It's exactly as promised. A new start, with a sense of freshness about it that's long overdue, a solid story and a fascinating Doctor.

If this were a PDA, it would be a nice, but unremarkable book, with about the same impact on the world at large as something like Richards' own Grave Matter. At first glance, it appears that it's only the take on the Doctor and the book's status as the first post-Milesian EDA that gives it any weight whatsoever.

And it's certainly true that both these things are important and not to be undervalued. We've haven't simply been waiting for this book, we've been actively needing it for years. It's perhaps ironic that a book that is so much about fire should come as such a breath of fresh air. However there's a lot going on here, both prominent and subtle, and just about all of it is rewarding.

First and foremost is the Doctor. He's alone and memoryless... and every single scene that he's in is fascinating reading. The introduction to the character is priceless. I guessed at once, of course, that the first description was a red herring, so I confidently expected the second to be the Doctor. And by the third, I was grinning like a madman... and it still took me by surprise when he finally showed up. That's pure Richards' genius, copyright 1993.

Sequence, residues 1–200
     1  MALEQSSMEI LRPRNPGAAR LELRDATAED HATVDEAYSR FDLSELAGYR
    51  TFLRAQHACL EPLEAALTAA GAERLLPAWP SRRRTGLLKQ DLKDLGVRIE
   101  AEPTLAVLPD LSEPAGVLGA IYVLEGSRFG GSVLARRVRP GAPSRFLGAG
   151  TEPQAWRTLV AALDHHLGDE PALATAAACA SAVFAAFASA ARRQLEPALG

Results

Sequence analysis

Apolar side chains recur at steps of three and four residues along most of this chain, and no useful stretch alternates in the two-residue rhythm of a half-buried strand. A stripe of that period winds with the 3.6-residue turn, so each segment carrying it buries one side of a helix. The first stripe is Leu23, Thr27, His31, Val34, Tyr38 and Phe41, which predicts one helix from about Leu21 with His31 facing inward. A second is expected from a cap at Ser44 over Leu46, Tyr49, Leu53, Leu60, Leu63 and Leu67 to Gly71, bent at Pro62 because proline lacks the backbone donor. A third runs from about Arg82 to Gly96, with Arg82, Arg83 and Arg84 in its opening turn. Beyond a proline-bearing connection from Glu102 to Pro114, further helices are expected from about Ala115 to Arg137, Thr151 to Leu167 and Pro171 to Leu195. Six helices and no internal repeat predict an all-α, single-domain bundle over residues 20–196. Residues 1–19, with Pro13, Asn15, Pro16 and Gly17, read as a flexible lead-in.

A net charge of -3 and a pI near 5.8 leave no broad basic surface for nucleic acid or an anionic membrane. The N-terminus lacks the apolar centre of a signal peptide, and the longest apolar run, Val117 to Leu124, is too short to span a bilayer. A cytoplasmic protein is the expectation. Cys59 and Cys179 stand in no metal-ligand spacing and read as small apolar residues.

What's more, there are other clever things going on. Gaddis is set up as mysterious and fascinating, with a lot to offer... and yet he's promptly killed. Dobbs fulfills the companion role admirably... until he too gets lost while exploring the mine with the Doctor (and the fact that the Doctor didn't make more of an all-out effort to save him is itself telling). This reminds me a lot of Angela from Time of Your Life, with the corresponding sense of danger that the books need.

The Doctor is a fascinating character. He's suddenly alien again, which is a trick you'd think he wouldn't be able to pull off any more. We don't always know what his motives are or what he's thinking. He reminds me a lot of the Doctor in An Unearthly Child (not coincidentally, I'm certain). You can see the character that we know and love under the surface, but he hasn't had the humanising effects of his companions to mellow him. Yet he's still the eighth Doctor, perhaps more than he has been in a very long time.

I really loved his speech to Nepath, where he defends "our world". This Doctor is both more alien and less, since as far as he knows he's as human as everyone else. His even considering leaving Middletown to its fate is surprising and his actions with Nepath at the end are shocking... yet in character, for this brand new Doctor.